The background to the proposal is an investigation into the French industry presented by the Senate last year. The investigation described a world of systematic abuse, and one of the measures proposed was tighter control of sites and who can reach them.

This has led to Digitalisation Minister Jean-Noël Barrot promising a verification system that will ensure the age of consumers. Trials are due to take place now, and the system is expected to be in place later this year. In Sweden, among others, the Association for Women's, Girls' and Youth Shelters, Unizon, is in favour of a similar system.

"The benefit would first and foremost be that children would inadvertently not be met by a very misogynistic industry that is often very explicit even on the first page," says Olga Persson, chairman of Unizon.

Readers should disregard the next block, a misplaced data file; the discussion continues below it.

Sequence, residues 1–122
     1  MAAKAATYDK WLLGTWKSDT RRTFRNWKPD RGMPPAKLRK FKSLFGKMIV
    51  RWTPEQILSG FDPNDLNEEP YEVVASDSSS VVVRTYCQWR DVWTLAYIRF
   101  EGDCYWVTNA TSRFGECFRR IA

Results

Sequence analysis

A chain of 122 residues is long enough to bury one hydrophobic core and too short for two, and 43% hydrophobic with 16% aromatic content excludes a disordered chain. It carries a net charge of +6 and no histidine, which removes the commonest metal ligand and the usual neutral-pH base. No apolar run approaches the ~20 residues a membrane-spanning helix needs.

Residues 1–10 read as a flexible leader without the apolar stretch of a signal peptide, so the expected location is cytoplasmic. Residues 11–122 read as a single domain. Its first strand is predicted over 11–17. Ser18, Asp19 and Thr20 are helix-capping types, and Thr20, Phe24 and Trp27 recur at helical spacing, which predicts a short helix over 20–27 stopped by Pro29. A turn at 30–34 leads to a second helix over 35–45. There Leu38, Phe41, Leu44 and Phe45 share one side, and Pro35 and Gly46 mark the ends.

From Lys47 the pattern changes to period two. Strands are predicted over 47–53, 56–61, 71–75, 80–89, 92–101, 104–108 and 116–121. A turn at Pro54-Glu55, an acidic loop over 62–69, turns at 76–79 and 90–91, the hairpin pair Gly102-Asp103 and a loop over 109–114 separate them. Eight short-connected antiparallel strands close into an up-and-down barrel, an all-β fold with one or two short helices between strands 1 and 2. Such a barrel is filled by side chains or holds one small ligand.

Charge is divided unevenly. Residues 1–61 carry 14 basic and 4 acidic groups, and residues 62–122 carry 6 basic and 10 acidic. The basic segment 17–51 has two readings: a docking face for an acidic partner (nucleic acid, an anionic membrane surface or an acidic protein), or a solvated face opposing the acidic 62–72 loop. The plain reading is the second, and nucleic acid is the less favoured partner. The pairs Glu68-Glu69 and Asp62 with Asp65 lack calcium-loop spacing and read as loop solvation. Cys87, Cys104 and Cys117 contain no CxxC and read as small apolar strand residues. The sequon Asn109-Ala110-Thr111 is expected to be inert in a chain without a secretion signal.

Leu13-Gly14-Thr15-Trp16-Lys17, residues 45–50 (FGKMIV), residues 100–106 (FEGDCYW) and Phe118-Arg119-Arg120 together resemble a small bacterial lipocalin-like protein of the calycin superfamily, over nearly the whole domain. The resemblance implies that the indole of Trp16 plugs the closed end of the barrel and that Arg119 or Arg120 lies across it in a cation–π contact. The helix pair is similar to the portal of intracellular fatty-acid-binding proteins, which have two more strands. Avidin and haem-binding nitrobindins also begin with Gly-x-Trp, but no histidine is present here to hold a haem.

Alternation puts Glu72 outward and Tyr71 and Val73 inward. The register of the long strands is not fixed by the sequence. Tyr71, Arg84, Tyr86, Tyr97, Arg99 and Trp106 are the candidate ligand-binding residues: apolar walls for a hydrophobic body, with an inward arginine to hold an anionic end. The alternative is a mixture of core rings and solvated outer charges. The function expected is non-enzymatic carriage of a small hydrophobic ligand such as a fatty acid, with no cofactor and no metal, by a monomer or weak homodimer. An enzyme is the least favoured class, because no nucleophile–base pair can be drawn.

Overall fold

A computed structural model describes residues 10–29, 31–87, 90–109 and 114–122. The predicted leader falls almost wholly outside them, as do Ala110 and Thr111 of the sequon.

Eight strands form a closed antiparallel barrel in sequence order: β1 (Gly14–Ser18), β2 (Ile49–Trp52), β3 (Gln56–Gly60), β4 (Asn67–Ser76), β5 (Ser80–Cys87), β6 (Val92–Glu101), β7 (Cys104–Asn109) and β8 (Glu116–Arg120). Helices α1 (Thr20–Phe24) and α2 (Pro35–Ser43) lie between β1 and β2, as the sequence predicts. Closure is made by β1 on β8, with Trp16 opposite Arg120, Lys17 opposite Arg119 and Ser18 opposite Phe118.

Difficult to control

Those sites in France that do not follow the verification system will risk being shut down. But checking that the sites actually use the system and that consumers do not bypass it with the help of, for example, VPN services will be difficult, says Jannike Tillå, head of communications at the Internet Foundation.

"We can't control the internet, it's global. How are we going to ensure that all sites on the global internet actually request identification?

Could be a privacy issue

In both France and Sweden, there is a concern that passports may become a restriction on citizens' privacy, and that it will be created as a register of consumers. However, both Jannike Tillå and Olga Persson emphasize that children's privacy and the right to avoid exposure to is the most important thing in the issue.

"But it's clear that when you think about what might happen if a list like this exists, you also get ponderous," Tillå says.